Salvador Dali Sells KitchenAid Mixer

More than occasionally art history and pop culture collide—savvy advertisers, and art directors will often use iconic artworks to convey a message, or sell a product.

Case and point, my latest finding (which I quite like): The poster for the upcoming season of NBC’s The Office. This poster resembles pointillist Seurat’s A Sunday on La Grande Jatte, 1884. Of course, when the cast of The Office fills the composition, rather than tiny dots used to experiment the effects of the color proximity on the eye, the original point is immediately lost. But, taking a serious artwork such as this, and recreating it for a massive “televiewing” audience has its perks, too—it’s funny.

I’ve seen an array of rip-offs, too, everything from Lichtenstein-esque home décor at Ikea to innumerable posters of famous artworks in Hobby Lobby—from Monet to Klimt. Michelangelo’s David has been appropriated by advertisers on several occasions. But, my favorite might be KitchenAid’s Dali-influenced ad. (See feature image.) This ad seems to imply that time and space will suspend in an altered state, wherein cupcakes magically appear, and its as easy as turning on your KitchenAid mixer. I’m sure many consumers were annoyed when that wasn’t the case.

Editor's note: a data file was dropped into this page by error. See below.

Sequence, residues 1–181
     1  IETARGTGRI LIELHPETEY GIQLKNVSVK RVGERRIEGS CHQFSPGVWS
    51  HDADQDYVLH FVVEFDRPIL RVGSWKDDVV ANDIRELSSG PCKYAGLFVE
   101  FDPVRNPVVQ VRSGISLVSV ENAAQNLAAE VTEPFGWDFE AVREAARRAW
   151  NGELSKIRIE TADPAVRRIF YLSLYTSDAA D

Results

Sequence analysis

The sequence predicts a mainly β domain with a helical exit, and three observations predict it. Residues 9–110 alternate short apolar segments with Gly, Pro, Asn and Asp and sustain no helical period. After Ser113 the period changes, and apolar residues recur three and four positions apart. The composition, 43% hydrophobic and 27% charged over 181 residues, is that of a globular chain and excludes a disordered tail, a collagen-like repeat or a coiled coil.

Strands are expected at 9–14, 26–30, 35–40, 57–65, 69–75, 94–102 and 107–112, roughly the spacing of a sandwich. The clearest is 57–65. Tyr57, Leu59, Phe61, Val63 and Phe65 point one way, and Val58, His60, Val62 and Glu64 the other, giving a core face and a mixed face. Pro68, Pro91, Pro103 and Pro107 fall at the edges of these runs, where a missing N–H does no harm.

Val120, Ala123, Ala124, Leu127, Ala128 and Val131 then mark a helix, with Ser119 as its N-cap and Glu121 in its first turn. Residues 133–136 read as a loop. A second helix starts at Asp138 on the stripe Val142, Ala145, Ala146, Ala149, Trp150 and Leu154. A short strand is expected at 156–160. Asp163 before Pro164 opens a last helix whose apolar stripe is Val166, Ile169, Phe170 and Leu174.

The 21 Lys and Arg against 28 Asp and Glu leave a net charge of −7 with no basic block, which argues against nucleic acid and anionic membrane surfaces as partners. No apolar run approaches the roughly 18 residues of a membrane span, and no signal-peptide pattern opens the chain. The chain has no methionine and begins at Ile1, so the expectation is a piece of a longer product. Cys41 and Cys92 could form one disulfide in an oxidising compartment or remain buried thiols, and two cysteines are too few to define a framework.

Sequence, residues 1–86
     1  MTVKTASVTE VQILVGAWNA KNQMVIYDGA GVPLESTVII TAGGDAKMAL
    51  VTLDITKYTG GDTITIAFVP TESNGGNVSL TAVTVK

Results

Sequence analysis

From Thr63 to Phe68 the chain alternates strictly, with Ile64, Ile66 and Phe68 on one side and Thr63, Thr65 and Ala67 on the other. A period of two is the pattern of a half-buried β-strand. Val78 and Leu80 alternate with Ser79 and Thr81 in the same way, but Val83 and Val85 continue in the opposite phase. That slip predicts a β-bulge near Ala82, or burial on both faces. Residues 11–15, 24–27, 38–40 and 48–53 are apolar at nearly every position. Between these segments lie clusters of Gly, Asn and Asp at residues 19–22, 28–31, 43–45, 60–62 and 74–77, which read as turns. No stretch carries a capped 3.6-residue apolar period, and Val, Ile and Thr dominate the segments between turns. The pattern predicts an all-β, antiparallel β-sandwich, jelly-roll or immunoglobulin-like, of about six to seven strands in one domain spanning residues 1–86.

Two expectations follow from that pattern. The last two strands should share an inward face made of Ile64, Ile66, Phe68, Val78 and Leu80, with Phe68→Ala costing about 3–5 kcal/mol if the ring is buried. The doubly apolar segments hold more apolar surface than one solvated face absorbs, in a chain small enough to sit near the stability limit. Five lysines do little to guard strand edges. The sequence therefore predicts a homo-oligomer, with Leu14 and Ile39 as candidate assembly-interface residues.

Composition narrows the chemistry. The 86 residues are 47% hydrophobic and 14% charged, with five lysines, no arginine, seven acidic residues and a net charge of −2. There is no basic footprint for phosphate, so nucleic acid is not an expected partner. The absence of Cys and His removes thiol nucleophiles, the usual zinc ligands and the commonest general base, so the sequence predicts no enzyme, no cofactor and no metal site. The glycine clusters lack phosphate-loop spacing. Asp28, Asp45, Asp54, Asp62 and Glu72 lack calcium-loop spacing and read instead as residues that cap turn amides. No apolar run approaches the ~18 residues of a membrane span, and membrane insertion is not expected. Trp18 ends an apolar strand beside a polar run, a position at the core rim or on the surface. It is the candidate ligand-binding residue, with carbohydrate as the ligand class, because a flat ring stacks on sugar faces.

But, whatever the advertiser is selling: If Warhol used Brillo boxes, then, why not throw a pair of Levi’s on David?

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